Stephen Pfann, a member of the International Team of Editors
for the Dead Sea Scrolls* and the founder of
the Center for the Study of Early Christianity, visited with managing
editor Ken Horn in Jerusalem.
Evangel: You attended Bethany College of the Assemblies of God.
What brought that about?
I felt clear direction from God to go to Bethany College [in
Scotts Valley, Calif.]. It was just the right springboard for me
in terms of academics and the spiritual demeanor of the college.
After graduation I went to Israel and worked on my doctorate at
Hebrew University. I felt we were to build a school here where people
could study the background of their Christian faith. A lot of the
Semitic/biblical culture is still alive here, so we can actually
get a clear picture of what it was like in biblical times.
Evangel: You are one of the editors working on the Dead Sea
Scrolls. Tell us about the scrolls.
Pfann: About 60 scholars have different amounts of text
assigned to them. I have 11 or 12 scrolls to publish.
I came in 1982, and in 1983 I was in the scroll room examining
the text of Daniel that hadnt been published. Since then I
have started working on other manuscripts. I became assistant to
the editor in chief in terms of cataloging some of the photographs
and created a database on the scrolls.
Some manuscripts were written in scripts which neither of us could
recognize. The editor in chief assigned these. A scholar who had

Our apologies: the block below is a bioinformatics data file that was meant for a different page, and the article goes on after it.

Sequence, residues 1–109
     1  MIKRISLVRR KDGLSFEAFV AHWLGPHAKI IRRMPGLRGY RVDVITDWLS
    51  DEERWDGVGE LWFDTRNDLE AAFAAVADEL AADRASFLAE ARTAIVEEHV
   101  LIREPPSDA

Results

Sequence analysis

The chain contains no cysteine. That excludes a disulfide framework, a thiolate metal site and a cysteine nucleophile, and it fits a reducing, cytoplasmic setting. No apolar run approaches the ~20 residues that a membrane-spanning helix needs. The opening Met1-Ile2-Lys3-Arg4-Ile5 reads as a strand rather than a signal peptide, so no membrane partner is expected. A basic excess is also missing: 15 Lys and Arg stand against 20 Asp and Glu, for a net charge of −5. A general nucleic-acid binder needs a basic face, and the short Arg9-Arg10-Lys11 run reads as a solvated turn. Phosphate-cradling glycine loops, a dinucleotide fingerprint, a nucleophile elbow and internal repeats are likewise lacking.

worked in ancient scripts looked at them and said he couldnt
do anything with them.
I knew another scholar had already worked on them to some extent
and had made transcriptions of one of the three scripts known as
Cryptic scripts. Manuscripts are written in three different scripts.
He said I should be the one to publish them. So I did. The language
is Hebrew, but there is a substitute alphabet using symbols no one
had ever seen. These were the private library of the head of the
Evangel: You recently made an exciting find.
Pfann: I was walking on property where we had talked about
making a visitors center and a village, similar to the time of Jesus,
when I noticed this terracing. I started picking up Roman potsherds.
I found a winepress and a double winepress down below.
Within the year this was going to be built over. Now we are excavating
a farm in Nazareth that was contemporary with Jesus less
than half a kilometer from the traditional home where He lived.
It is a complete farm. This is a farm that helped provide Jesus
with the images He had in His parables. This is where He spent most
of His life; these were His surroundings 12 acres of virgin
farmland that havent been touched by modern man.
We are going to gain so much in the Galilee area the place
of Jesus childhood and the beginnings of His ministry.
Evangel: Tell us about the Center for the Study of Early Christianity
in Jerusalem that you founded.
Pfann: The centers goal is to illuminate the New
Testament, particularly the life of Jesus. We have short-term programs
for those interested in study tours in the land and also a forum
for scholars. We now have an archaeological department in our institution
and are directing our first dig in Nazareth.
Evangel: Should people be concerned about coming to Jerusalem
or the Holy Land?
Pfann: In general, no. The San Francisco Bay area is approximately
the same population as Israel and is far more dangerous. I would
say a person is risking his skin more wherever he is in the United
States than he is coming here.
Evangel: Anything else?
Pfann: It is exciting to realize how much there is still
to be excavated that will tell us about the life of Jesus and the
*Editors note: The Dead Sea Scrolls
were found in 1947 in caves in Israel at Qumran near the Dead Sea.
They contain manuscripts of the Old Testament much older than any
discovered before that time and are considered by many the greatest
archaeological find of the last century. The Essenes, the Jewish
sect at Qumran, were the source of the scrolls.